Exclaimer raises $133 million to help companies manage email signatures
December 7, 2020
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Email signature management platform Exclaimer has raised £100 million ($133 million) in a round of funding led by Insight Partners.

Despite all the hullabaloo around modern enterprise communications tools such as Slack, soon to be a $27.7 billion Salesforce subsidiary, email still remains king for many, with a reported 80% of businesses still using it as their primary communication tool. That’s not to say that Slack, Microsoft Teams, or Zoom aren’t also used, but email’s asynchronicity makes it an attractive proposition and difficult to fully replace any time soon, particularly in external communications. And that, at least, is partly why Exclaimer has now managed to raise a hefty chunk of change from a venture capital and private equity firm that has backed a host of companies across the consumer and enterprise spheres, including Twitter, Shopify, Pipedrive, and Qualtrics.

Founded in the U.K. back in 2001, Exclaimer initially developed “bespoke software” before switching its focus to the email signature market. It initially developed an email signature service for Microsoft Exchange Server, designed to be deployed on premises, and in the intervening years it has expanded its scope to cover the cloud, including Microsoft 365 (formerly Office 365) and Google Workspace (formerly G Suite).

Exclaimer’s core selling point is that it allows businesses to centrally design and disseminate email signatures to everyone in the company, with consistent footers automatically inserted on all company emails across devices. The signatures can also be tailored and tweaked for specific teams and individuals, with admins able to control everything from a centralized dashboard.

Above: Exclaimer main dashboard

Through Exclaimer’s browser-based dashboard, Admins can select from pre-designed templates, or build their own from scratch using a drag-and-drop signature editor to include social media icons, promotional banners, legal compliance text, images, and more. Any changes that are made in the editor are instantly applied to each user in the company.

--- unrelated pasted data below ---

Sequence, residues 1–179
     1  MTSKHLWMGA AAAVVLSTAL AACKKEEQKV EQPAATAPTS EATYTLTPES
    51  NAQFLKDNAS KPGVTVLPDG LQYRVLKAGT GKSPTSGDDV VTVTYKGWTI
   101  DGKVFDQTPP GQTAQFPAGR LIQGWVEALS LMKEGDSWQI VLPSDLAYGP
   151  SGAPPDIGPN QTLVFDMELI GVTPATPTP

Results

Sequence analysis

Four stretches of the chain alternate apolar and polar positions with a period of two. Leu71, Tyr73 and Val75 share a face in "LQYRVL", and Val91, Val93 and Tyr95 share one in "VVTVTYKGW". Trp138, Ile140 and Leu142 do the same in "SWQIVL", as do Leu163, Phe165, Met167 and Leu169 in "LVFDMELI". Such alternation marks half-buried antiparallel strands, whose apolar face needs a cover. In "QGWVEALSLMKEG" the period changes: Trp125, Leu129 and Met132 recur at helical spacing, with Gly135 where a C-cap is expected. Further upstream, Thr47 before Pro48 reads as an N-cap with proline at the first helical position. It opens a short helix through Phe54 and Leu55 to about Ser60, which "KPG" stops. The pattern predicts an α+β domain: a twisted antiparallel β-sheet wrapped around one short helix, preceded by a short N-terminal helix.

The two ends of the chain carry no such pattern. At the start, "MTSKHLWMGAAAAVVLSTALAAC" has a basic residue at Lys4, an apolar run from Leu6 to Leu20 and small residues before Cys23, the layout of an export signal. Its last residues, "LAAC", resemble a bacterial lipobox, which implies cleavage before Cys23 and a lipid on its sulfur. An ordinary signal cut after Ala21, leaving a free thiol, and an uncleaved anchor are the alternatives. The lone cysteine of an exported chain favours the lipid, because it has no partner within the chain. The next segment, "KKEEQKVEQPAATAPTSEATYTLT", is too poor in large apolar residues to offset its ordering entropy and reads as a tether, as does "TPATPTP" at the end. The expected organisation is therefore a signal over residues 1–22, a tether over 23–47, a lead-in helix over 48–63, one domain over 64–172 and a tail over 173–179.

Above: Exclaimer signature designer

Prior to now, Exclaimer had raised £23 million ($30 million) in a single round of funding back in 2016, and with another $135 million in the bank, Exclaimer CEO Heath Davies told VentureBeat that it is well-financed to invest in its product and international growth as it “continues to thrive despite the challenges of the pandemic.”


A number of other players operate in this space, both legacy providers such as Symprex and newer entrants. Danish startup Templafy, which raised $25 million earlier this year, helps workers create company-compliant documents, and includes email signature management tools. Elsewhere, Sigstr, which turns email signatures into ads, was acquired by marketing technology platform Terminus last year, while France-based Boost My Mail raised a $1.2 million seed round a few months ago.

It’s clear that email remains a major focus in business communications, for startups and investors alike. That Exclaimer, a U.K.-based technology company that largely bootstrapped its way to profitability through its first 15 years, is now attracting one of the biggest investors from the U.S., is notable. While Fairview Equity Partners also invested in the round, Insight’s lead investment now makes it Exclaimer’s majority shareholder, replacing existing investor Livingbridge, which is now a minority shareholder.

Exclaimer already claims some 40,000 customers across 150 countries, including Sony, Cisco, Mattel, Unicef, NBC, and the BBC, with some of its customers holding licences for more than 300,000 users. The majority of these are cloud customers, paying a SaaS-based subscription to use the platform, while the remaining on-premise customers have bought a perpetual license with an annual maintenance and support contract.

In terms of pricing, Exclaimer charges on a sliding scale based on the number of users requiring an email signature — this can cost around $15 per month to cover 10 users, all the way up to $415 per month for 500 users.

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